"Get into my bed and rest."
So I hope you've been resting up, dear Annie, and are getting better soon.



Thursday, January 26, 2012

Beyond bread and jam

Dear Annie,

Well, the Newbery, Caldecott and a lot of other awards were announced by the American Library Association on Monday, and as usual, I was miles off predicting any of them. 
Dead End in Norvelt
by Jack Gantos won the Newbery for best children's literature.  I read half of it back when it was a mere sample copy -- am re-reading now.  Gantos is a really good writer.  I would have been happier if Jefferson's Sons or Okay for Now had won, but this one is an understandable choice.  I was quick on the trigger on ordering, though, and now have two shelves at the store full of almost all the winners and honor books.  Whew.

The categories of ALA awards have proliferated in recent years, one of the more interesting being the Theodor Seuss Geisel Award for books for beginning readers.  In the seven years they've been awarding it, Mo Willems has won two awards and two honors for Elephant and Piggie books.  They're definitely deserving, but happily this year the award went to a book that's definitely a change of pace:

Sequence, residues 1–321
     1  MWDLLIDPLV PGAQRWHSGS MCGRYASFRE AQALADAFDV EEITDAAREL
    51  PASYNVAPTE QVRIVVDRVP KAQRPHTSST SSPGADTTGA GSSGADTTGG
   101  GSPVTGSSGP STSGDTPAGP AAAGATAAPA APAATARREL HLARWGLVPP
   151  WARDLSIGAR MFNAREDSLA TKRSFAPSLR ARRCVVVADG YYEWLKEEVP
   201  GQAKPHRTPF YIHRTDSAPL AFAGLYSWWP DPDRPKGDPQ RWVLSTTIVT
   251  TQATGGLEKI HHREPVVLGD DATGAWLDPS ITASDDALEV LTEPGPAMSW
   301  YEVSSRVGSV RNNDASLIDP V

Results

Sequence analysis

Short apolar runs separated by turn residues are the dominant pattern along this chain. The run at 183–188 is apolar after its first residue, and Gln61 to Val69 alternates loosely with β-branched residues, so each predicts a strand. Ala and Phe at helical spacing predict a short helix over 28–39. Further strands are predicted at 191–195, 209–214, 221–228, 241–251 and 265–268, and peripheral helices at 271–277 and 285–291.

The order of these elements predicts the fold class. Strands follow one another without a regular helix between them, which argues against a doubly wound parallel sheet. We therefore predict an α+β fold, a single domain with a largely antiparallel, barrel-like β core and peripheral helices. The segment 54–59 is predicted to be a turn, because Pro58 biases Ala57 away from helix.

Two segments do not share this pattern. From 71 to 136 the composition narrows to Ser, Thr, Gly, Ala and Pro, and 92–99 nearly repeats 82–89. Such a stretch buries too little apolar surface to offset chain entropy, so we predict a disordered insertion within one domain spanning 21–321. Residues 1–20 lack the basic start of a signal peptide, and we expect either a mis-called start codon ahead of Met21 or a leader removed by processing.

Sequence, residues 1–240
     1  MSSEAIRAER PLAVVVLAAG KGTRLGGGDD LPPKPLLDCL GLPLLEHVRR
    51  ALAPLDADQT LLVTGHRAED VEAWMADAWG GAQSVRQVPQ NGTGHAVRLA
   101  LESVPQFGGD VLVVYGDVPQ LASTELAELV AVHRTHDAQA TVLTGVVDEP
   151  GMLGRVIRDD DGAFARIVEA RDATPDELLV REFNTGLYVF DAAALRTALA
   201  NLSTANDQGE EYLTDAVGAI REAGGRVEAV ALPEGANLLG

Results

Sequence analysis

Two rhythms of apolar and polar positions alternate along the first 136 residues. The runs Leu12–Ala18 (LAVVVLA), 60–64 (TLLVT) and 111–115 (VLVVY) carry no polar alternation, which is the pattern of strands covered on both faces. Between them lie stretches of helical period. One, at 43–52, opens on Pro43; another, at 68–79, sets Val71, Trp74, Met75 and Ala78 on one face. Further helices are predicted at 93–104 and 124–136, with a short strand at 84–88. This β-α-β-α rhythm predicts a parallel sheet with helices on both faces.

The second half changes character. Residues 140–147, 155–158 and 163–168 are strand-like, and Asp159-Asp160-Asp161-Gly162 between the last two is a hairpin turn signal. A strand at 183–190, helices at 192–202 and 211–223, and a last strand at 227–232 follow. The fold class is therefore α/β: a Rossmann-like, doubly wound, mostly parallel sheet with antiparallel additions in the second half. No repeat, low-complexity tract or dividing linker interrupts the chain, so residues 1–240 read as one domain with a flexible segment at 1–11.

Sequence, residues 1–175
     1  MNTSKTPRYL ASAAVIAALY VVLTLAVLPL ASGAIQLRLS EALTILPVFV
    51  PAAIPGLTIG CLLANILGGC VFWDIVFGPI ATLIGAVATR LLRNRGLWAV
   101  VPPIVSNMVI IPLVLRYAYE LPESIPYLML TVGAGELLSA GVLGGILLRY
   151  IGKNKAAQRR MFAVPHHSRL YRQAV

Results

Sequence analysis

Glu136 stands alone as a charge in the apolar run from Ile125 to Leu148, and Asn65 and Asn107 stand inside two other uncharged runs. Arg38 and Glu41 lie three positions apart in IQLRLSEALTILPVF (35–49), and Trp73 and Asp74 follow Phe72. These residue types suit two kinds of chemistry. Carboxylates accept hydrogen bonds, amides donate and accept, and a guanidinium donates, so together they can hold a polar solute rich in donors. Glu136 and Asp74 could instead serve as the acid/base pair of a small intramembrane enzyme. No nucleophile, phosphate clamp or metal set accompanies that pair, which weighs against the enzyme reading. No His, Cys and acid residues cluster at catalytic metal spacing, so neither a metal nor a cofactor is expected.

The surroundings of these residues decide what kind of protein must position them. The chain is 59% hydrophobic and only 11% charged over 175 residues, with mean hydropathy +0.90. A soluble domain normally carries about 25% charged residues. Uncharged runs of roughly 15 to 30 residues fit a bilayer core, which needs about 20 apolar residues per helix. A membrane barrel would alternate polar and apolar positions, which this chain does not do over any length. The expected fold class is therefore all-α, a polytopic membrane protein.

Tales for Very Picky Eaters
by Josh Schneider.
"I can't eat broccoli," said James.  "It's disgusting."
  "Maybe there's something else you can eat," suggested James's father.
  "What else is there?" asked James.
  "Well, we have dirt.  We have the finest dirt available at this time of the year, imported from the best dirt ranches in the country.
  "This dirt has been walked on by the most skilled chefs wearing the finest French boots.  
  "It has been mixed by specially trained earthworms, and it is served on your very own floor."
  "Ugh," said James.
Dad goes on to offer pre-chewed chewing gum and a sweaty sock worn by a runner "who was fed nothing but apples and cinnamon for three months before running a marathon in this very sock."  The broccoli wins. 

When James rejects mushroom lasagna, his father tells him about the hard-working troll in the basement hired especially to make mushroom lasagna.  The troll is green with fangs and wears an apron saying "Kiss the Cook." James' ubiquitous basset hound quietly sniffs the heat vent coming up from the basement.

The book has five short chapters -- my favorite is The Tale of the Lumpy Oatmeal, rejected for its lumpiness.  The oatmeal, Dad explains, regenerates every day, so that if one doesn't eat it, it gets bigger and bigger and starts eating the desserts around the house.  And because Growing Oatmeal, which now looks like The Blob, isn't a picky eater, he could spell trouble for James's dog.  The dog looks pathetically at James.  He asks for -- and gets -- another bowl of oatmeal "with fewer lumps."